In addition to purely rigid transforms, the shape matching may also discard squash/stretch transforms. The Squash Resistance is the amount to restore the goal to a rigid state in one second. Again, it is clamped to the frame rate.
Frame Drag Strength
Acts as a damping effect on the simulation.
The restoration of the goal shape uses spring-like forces. This would result in oscillation of displaced points. The Frame Drag will apply a drag force with respect to how they are not obeying rigid motion. This cancels out these oscillations without slowing the entire object down.
The simulation object created by this node is sent through the single output.
This value is the simulation time for which the node is being evaluated.
This value may not be equal to the current Houdini time represented by the variable T, depending on the settings of the DOP Network Offset Time and Time Scale parameters.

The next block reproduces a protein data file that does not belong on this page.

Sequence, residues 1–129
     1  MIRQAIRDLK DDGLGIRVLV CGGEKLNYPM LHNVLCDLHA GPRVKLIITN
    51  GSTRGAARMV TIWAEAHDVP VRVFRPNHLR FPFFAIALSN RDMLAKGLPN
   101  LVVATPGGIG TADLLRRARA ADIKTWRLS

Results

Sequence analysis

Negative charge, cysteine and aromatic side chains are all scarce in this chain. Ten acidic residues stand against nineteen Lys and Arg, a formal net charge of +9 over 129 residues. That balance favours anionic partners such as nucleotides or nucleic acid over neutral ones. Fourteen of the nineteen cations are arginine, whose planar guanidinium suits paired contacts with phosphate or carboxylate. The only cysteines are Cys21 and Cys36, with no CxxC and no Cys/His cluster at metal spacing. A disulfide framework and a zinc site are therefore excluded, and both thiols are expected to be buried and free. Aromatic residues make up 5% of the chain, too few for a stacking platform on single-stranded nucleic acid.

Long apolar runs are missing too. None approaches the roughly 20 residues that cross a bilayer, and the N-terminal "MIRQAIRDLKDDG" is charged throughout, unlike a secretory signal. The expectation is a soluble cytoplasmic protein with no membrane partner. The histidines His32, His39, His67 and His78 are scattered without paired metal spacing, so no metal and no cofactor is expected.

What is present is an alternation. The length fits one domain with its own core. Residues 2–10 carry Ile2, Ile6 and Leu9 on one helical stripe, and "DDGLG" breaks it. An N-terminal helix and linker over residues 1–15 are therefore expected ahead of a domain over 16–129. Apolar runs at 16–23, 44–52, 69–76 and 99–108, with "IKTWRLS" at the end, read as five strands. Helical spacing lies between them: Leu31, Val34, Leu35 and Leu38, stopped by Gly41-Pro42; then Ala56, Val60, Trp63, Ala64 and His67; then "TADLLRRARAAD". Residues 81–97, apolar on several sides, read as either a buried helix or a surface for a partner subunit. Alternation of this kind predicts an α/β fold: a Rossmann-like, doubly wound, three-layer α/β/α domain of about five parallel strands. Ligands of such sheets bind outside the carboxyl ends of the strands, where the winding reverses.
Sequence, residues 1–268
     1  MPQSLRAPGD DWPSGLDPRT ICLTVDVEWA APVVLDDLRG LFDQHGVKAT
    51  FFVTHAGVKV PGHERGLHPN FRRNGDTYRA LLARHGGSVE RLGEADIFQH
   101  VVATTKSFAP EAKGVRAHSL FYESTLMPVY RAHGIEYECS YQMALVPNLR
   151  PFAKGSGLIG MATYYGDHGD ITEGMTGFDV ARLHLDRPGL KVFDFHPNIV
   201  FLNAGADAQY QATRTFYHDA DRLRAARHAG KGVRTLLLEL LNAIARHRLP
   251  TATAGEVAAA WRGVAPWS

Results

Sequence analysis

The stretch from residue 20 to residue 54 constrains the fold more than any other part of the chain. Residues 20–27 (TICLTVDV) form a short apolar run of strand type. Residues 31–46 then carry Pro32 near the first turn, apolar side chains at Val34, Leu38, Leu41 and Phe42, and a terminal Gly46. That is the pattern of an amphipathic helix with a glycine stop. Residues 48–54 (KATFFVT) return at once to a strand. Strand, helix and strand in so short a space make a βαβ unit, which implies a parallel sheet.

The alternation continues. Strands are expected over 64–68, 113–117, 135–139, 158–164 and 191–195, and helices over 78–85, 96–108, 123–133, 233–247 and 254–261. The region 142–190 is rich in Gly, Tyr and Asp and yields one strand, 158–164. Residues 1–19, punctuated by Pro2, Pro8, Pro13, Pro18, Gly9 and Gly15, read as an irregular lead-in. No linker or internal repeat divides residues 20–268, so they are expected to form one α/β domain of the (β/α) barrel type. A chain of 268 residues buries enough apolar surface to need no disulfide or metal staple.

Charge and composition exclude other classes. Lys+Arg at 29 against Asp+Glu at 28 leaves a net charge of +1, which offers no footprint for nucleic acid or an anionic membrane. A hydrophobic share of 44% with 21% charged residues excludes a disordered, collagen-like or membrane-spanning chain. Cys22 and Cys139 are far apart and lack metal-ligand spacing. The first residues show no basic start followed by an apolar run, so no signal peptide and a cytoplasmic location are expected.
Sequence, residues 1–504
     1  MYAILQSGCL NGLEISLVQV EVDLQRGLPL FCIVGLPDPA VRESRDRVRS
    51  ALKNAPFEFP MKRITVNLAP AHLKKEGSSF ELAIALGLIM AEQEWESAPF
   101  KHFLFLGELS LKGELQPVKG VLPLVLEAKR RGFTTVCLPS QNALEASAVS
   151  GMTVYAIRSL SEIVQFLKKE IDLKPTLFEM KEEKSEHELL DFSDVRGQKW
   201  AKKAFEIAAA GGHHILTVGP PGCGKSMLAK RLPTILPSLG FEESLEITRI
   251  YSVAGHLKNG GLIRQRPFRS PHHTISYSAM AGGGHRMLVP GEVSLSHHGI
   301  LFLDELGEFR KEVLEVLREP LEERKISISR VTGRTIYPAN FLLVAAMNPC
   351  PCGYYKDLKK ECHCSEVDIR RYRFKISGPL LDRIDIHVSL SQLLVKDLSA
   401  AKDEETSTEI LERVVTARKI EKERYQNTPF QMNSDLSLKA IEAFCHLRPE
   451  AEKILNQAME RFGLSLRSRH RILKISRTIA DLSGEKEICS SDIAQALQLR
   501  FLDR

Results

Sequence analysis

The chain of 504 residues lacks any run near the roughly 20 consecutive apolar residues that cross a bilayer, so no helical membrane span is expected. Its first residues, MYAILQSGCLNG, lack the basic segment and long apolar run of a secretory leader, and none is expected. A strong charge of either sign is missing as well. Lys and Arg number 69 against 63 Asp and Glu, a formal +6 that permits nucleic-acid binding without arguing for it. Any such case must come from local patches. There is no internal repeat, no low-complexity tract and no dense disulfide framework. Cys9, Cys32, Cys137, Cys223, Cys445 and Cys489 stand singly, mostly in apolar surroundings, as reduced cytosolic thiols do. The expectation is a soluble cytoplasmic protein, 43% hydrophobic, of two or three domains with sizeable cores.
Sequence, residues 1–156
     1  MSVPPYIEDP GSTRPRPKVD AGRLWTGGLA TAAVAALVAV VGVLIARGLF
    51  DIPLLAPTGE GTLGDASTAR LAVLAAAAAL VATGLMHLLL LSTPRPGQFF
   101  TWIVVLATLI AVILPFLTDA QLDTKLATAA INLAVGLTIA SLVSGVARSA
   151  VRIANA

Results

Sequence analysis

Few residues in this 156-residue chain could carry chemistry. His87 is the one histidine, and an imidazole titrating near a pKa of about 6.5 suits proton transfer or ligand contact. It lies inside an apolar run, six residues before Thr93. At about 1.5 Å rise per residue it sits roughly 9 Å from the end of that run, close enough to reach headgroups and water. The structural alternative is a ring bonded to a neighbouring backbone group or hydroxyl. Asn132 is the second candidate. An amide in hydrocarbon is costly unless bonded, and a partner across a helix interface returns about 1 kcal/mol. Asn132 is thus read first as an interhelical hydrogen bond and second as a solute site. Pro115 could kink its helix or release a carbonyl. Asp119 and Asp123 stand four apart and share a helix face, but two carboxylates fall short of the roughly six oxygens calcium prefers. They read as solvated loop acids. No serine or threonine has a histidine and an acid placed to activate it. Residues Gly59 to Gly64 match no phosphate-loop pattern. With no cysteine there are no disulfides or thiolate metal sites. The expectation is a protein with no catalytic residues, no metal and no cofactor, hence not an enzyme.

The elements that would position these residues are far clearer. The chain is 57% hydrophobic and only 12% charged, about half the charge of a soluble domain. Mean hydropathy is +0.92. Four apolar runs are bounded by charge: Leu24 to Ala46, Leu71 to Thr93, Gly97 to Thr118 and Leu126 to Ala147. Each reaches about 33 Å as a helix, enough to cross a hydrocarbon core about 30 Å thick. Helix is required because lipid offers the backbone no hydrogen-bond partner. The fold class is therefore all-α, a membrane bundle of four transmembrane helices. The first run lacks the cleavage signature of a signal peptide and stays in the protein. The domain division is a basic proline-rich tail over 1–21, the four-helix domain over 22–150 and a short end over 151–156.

This value is guaranteed to have a value of zero at the
start of a simulation, so when testing for the first timestep of a
simulation, it is best to use a test like
$ST == 0 rather than
$T == 0 or
$FF == 1.
This value is the simulation frame (or more accurately, the simulation time step number) for which the node is being evaluated.
This value may not be equal to the current Houdini frame number represented by the variable F, depending on the settings of the DOP Network parameters. Instead, this value is equal to the simulation time (ST) divided by the simulation timestep size (TIMESTEP).
This value is the size of a simulation timestep. This value is useful to scale values that are expressed in units per second, but are applied on each timestep.
This value is the inverse of the TIMESTEP value. It is the number of timesteps per second of simulation time.
This is the number of objects in the simulation. For nodes that create objects such as the Empty Object node, this value will increase for each object that is evaluated.